We Are The Intervention

To help our team respond to the economic challenges for Māori in a post-Covid environment we have been lucky to secure a number of secondments from within Ngāi Tahu and from other kaupapa aligned organisations in Ōtautahi. I now have the privilege of working with an incredibly diverse set of skills, talents, and perspectives. I’m finding this diversity to be a source of creativity and inspiration.  This ability to draw on multiple perspectives has served to strengthen our overall impact and has grown our team culture. 

However learning to include multiple perspectives also takes courage and it has required me to develop some interpersonal practices. In these times of crisis and rapid change it is natural to look for a familiar face and seek reassurance about our core beliefs, values, and practices. While working with what I have come to term ‘like minds’ is useful and invigorating, remaining open and responsive to the potential of unknown collaborators can bring a greater transdisciplinary perspective, both to our work and to the way we grow as human beings.  

Here are five recent learnings:

1. Listening

What’s great about working with ‘like minds’ is that we don’t need to stop and explain anything. When the team contains a range of different perspectives I’ve noticed that I have had to slow down and listen from a place of enquiry, empathy and kindness so that our ideas can converge.   

2. Relationships

In the social innovation space we often talk about how change is a relational practice. The new people in our team has been a reminder that investing in new and diverse relationships takes time. Building connection and understanding is something that we should continue to value as much as ‘outcomes’. 

In the social innovation space we often talk about how change is a relational practice. The new people in our team has been a reminder that investing in new and diverse relationships takes time. Building connection and understanding is something that we should continue to value as much as ‘outcomes’.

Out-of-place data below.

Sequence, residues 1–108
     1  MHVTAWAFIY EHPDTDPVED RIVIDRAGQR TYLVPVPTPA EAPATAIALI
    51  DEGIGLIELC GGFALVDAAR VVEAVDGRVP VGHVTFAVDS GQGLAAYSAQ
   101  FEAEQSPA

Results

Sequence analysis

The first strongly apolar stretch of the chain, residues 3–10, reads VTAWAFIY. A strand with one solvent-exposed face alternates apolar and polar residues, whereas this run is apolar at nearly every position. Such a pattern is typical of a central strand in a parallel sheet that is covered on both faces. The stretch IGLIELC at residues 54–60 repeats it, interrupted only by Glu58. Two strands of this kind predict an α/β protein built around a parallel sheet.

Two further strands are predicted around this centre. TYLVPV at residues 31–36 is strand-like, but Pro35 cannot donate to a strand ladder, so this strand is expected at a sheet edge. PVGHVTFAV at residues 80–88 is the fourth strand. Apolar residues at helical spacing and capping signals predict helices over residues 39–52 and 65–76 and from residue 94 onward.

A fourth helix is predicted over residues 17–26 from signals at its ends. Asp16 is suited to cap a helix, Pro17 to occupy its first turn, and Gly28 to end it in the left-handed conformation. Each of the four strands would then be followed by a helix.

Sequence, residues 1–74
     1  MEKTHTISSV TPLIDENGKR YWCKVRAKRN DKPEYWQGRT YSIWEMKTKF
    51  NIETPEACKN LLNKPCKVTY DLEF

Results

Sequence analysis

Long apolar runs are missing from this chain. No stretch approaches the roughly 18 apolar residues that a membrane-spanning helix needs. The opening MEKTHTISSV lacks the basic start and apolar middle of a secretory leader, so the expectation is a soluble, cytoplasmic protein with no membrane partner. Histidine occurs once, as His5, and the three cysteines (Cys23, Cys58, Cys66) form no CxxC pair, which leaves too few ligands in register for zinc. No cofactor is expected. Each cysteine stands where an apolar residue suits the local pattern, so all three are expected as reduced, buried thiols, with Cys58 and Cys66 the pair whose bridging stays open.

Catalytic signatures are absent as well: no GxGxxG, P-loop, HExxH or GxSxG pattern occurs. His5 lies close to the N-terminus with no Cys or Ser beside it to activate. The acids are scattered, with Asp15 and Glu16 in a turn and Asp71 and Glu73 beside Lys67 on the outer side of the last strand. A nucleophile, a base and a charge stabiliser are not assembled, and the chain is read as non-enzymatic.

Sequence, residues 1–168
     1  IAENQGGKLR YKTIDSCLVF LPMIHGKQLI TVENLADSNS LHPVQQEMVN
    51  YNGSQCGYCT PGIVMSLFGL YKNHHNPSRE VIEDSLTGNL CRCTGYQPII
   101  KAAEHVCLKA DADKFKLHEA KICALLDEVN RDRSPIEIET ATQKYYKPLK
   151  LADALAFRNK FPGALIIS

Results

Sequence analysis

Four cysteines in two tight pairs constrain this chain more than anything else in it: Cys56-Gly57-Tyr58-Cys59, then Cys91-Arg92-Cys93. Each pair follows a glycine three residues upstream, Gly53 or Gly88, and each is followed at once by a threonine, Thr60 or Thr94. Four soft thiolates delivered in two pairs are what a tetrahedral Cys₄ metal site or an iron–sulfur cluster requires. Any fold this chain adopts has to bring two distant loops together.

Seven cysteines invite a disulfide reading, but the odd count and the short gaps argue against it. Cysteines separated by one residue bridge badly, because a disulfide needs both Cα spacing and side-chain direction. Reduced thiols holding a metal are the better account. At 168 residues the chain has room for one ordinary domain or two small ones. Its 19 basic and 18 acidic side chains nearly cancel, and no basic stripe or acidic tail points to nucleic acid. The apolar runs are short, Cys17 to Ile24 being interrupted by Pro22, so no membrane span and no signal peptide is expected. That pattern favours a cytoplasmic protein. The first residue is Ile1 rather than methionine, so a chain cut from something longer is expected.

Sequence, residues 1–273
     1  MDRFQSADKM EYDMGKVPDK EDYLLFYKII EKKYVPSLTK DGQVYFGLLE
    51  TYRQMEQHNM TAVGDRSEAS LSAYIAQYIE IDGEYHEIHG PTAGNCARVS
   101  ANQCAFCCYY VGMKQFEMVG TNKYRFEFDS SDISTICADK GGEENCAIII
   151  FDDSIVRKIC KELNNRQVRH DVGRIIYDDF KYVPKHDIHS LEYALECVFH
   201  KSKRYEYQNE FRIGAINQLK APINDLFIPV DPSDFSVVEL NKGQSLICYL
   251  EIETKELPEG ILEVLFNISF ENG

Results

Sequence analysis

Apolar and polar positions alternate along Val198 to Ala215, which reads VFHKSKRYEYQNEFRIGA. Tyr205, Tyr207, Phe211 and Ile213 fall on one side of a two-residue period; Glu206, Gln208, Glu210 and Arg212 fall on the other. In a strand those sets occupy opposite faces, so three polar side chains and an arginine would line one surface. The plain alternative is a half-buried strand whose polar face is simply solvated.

3. Self Care

I’ve also been reminded of the importance of self care in tumultuous times. Nurturing relationships without nurturing self is fruitless. When I am stressed, unfocused, reactive, or unwell then these qualities will be my contribution to the team, and to the world. When I model healthy boundaries and share stories of self care then I am helping my colleagues to do the same. 

4. Leadership

In the current economic and global crisis there is a scarcity of genuine and authentic leadership.  Rather than just looking to our managers or to politicians, I think this highlights the need for all of us to exemplify our own personal leadership but also for us to be discerning in who we choose to invest in and follow.  

5. Values

Perhaps it is time for values based leadership? In a world burdened by social, global and climate crisis it can be tempting to retreat into abstractions, elaborate ideas and theories. I wonder if simplicity and practicing core values may be the new currency that is genuinely needed.  Let’s be kind and look after each other, and let’s find ways to unite around a common cause that will bring greater social good to the world.   

During this period of rapid change and upheaval the value of my personal relationships with colleagues, collaborators and allies feels even more important than ever. Through my work I’ve been reminded over and over again of the goodness of people, of their intention to do their best and work together for a common good. This has helped me to connect with these qualities in my own practice, and reminded me that ultimately we are the intervention.

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